Abrasion Resistant – Many grain dusts are particularly abrasive and quickly wear through even hardened carbon steel in a relatively short period of time despite the relatively small size of the dust particles. It is common for abrasion to cut short the life of bag filters in a collector with holes appearing in the bottom portions of the filter bags. This results in immediate filter bag emission failures because dust-laden air will begin passing through the holes unfiltered. Pleated bag filters can address this abrasion issue in a couple of ways. First, the spunbond polyester media in pleated bags is very durable. Second, pleated bag designs offer more media per foot of bag length, so pleated bags are often much shorter than the fabric bags they replace. This allows the creation of a drop out zone in the lower section of the collector. Dust entering the collector has an increased volume as it enters the collector that is more open, with lower-velocities. This zone allows the heavier, and therefore more abrasive, dusts to simply drop down into the hopper without swirling around and damaging the bottoms of the filter bags.
Improved Filter Efficiency – Another benefit of pleated bags is improved filter efficiency. Compared to conventional 16 ounce polyester bags, spunbond polyester pleated bags can reduce initial emissions by as much as 50%. Fine fiber-coated or PTFE coated pleated bags may further reduce emissions by as much as 75% relative to a conventional bag filter. In some instances the improved filter efficiency offered by pleated bags may make the difference between meeting or exceeding emission requirements. When the dust being collected is a product stream, as is the case in milling applications, the increased filter efficiency may also help improve overall productivity since less flour emitted out the stack translates to more flour that can be sold.
Longer Life – Having to change filters even quarterly can increase downtime at a grain handling or processing facility. If you push the capacity of a system beyond its original design flow, the frequency of filter bag replacement can jump by 400% if the system originally required a filter change once per year. All downtime is expensive, but for some facilities like large export grain terminals, downtime can exceed $100,000 in lost revenue per day when they are not moving grain. Even for more typical facilities an increase in downtime can create hidden costs for excessive filter replacement that can easily exceed $ 125,000/year. Pleated bags commonly offer longer filter life over polyester felt bags, and longer filter life leads directly to cost savings. When the filter bags last longer, filter change outs happen less often and fewer change outs means less downtime, fewer bags to purchase, less frequent disposal costs, and lower labor expenses.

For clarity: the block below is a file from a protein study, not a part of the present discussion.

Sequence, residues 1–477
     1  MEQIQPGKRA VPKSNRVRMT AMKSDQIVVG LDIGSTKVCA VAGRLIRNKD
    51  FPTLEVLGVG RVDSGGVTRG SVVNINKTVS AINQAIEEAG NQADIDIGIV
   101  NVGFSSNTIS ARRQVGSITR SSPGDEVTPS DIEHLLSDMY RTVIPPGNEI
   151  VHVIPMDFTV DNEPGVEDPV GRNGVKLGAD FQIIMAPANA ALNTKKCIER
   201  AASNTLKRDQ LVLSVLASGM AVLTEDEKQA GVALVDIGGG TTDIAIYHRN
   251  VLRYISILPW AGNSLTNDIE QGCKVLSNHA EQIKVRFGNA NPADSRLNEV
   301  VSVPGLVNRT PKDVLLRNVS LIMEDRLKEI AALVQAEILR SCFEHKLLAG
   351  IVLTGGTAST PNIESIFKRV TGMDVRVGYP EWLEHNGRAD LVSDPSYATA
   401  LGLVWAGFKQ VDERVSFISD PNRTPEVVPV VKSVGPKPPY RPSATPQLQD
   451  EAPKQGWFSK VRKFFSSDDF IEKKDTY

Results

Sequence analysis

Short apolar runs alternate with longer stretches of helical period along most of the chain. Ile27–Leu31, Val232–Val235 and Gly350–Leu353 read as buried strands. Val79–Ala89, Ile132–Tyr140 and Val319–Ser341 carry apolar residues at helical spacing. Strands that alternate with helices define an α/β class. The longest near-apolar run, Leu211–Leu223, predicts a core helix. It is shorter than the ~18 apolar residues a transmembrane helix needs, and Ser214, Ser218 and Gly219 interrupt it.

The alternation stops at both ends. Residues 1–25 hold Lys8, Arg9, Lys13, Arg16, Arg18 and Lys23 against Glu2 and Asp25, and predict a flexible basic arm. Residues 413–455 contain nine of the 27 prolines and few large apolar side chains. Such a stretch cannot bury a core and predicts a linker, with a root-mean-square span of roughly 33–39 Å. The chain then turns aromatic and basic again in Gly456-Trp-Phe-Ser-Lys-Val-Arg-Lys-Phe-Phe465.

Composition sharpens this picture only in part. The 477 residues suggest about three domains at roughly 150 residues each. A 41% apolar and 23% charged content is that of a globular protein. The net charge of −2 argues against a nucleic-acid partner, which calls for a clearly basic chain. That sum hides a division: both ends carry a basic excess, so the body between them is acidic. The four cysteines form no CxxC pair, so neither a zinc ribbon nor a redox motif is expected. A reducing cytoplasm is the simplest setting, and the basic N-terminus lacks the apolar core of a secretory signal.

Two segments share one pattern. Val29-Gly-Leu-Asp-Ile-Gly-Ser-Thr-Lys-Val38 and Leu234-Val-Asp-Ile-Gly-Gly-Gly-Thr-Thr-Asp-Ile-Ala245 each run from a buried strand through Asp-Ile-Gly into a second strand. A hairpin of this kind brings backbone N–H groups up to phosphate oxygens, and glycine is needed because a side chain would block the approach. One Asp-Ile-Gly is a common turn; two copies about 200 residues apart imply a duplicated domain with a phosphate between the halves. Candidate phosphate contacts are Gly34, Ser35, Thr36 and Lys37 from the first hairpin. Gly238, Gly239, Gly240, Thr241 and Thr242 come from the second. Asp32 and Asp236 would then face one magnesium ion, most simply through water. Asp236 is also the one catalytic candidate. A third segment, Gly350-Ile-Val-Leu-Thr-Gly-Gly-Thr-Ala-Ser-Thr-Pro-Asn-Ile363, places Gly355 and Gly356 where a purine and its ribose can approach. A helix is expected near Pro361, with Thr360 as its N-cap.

Ease of Maintenance – And last but not least, when it comes to replacing filters, changing out fabric filter bags has always been an unpleasant, time consuming process. Dirty bags and cages are often a challenge to remove from the collector and the dirty old bags still need to be stripped from the cages before new bags can be installed into the collectors.
Because pleated bags replace both the bag and cage in the collector, they are often not only easier but also faster to change out. Additionally, because the pleated bags are typically much shorter than the corresponding bags and cages they replaced, they are often far easier to handle. Pleated bag users have often found they can cut their change out time by more than half, so the ease of change outs becomes yet another cost savings associated with pleated bags. Fewer hours of labor to change-out the bags and fewer hours lost to downtime.
Overall, pleated bag filters offer solutions to a wide variety of baghouse dust collector challenges including how to get more production from a dust collection system without the labor or financial cost of installing a new piece of capital equipment. Pleated bags can provide not only more efficient filtration, but they offer the potential for lower pressure drop, longer filter life, quicker and less painful maintenance, and they can even help address filter abrasion.